Of course, Bereuter is only saying all this on the last day of his Congressional career before he steps down to take a job in the private sector, perhaps to clear his conscience or something.
My friend Robert Shearer has invited me to join him as co-author of a new weblog that will focus on classical music and jazz.
The new blog is called Theme and Variations and it will serve as an outlet where Robert and I can earnestly explore, espouse and express our enthusiasm for these great forms of music.
So I would entreat you to drop by and check it out on occasion as we embark on this exciting endeavor to eloquently elucidate our enjoyment of everything from Bach to Benny Goodman. OK, enough already.
I finally figured out how to upload pictures to my personal web page provided by my ISP so now I can post them on my blog.
This is a picture of the new sculpture at Millennium Park in Chicago that I thought was so neat. They call it the Bean.
I got this idea from Rox
Populi who added me to her blogroll recently for reasons unknown to me.
I don't have an iPod or any other kind of MP3 player, but I do have iTunes
on my Mac at work and I have loaded up quite a few songs over time. It is
not by any means a comprehensive representation of my collection and right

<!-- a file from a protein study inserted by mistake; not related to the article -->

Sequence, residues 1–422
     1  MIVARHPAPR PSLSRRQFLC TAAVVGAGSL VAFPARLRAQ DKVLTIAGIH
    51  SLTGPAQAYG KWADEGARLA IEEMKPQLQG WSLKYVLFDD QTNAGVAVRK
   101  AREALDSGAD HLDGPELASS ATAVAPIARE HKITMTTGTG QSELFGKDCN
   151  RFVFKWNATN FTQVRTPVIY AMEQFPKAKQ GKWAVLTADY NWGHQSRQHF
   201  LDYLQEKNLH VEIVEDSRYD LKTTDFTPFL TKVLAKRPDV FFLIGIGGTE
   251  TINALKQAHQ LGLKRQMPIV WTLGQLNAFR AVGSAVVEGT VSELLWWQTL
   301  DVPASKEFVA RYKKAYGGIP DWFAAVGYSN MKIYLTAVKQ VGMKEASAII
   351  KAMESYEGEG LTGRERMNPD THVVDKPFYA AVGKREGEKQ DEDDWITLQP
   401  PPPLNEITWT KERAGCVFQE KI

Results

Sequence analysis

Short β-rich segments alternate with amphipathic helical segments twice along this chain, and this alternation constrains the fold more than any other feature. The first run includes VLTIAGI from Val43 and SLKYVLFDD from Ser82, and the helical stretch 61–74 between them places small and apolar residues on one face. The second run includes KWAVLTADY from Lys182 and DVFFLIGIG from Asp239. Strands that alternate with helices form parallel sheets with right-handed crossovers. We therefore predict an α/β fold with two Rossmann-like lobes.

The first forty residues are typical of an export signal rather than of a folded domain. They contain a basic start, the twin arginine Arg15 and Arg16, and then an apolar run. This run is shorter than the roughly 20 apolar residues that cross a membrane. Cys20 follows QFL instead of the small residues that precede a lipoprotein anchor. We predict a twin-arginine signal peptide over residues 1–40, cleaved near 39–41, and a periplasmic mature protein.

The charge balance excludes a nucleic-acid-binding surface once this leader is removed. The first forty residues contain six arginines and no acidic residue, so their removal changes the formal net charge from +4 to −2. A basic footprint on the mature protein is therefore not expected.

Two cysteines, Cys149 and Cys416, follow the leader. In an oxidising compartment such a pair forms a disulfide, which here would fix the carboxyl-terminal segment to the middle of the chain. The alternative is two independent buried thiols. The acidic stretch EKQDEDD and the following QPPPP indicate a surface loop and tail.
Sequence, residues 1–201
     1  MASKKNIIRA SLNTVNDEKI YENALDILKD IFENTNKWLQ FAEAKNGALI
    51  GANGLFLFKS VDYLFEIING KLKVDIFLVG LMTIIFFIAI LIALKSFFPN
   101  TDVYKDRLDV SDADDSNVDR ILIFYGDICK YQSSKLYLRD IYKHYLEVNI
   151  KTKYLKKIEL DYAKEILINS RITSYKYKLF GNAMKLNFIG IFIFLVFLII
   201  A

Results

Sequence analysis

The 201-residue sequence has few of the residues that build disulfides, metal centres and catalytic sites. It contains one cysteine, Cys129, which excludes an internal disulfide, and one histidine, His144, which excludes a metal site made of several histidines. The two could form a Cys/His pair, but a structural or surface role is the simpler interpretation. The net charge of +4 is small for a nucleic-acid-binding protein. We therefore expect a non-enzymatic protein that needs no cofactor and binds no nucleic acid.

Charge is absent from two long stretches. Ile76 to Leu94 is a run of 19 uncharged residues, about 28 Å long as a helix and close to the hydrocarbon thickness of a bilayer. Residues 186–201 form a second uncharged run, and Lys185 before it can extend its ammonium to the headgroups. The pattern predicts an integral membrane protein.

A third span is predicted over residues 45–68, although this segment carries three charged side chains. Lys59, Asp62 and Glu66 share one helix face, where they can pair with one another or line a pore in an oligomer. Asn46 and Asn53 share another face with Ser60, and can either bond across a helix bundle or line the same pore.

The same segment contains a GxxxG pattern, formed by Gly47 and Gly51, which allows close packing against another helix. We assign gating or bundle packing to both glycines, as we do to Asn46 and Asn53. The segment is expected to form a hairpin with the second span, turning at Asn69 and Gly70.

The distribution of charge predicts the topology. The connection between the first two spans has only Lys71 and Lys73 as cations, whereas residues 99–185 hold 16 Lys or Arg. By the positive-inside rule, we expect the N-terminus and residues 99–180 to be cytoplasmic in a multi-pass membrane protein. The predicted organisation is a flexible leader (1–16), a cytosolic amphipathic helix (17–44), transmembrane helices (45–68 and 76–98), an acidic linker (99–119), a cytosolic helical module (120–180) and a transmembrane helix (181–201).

now it has a lot of Bing Crosby and Bob Dylan. (My computer crashed a while
back and I lost all of the Beatles and Rolling Stones that I had put on it).
But for now here is what I came up with when I generated a random set of 12
"Life Could Not Better Be" - Danny Kaye
"Dust In the Wind" - Kansas
"Answer Me, My Love" - Bing Crosby
"Home on the Range" - Bing Crosby
"Ma-Ma-Ma Belle" - Electric Light Orchestra
"My Back Pages" - Bob Dylan
"Swinging On a Star" - Bing Crosby
"A Fine Romance" - Bing Crosby and Dixie Lee
"The Last Roundup" - Bing Crosby
"You're Getting To Be a Habit With Me" - Bing Crosby
"Dead Man Blues" - Jelly Roll Morton's Red Hot Peppers
"Sam's Song" - Bing and Gary Crosby
I thought that was a lot of Bing Crosby, so I did it one more time and came
up with this list:
"Smoke on the Water" - Deep Purple
"Jump" - Van Halen
"Crying in the Chapel" - Elvis Presley
"I Got the Sun in the Morning" - Bing Crosby
"Hotter Than Hell" - KISS
"Are Your Lonesome Tonight" - Elvis Presley
"Oh, Lady Be Good" - Ella Fitzgerald
"The Spaniard That Blighted My Life" - Bing Crosby and Al Jolson
"Poundcake" - Van Halen
"The Jones Boys" - Bing Crosby
"Bobby Jean" - Bruce Springsteen
"Be Careful, It's My Heart" - Bing Crosby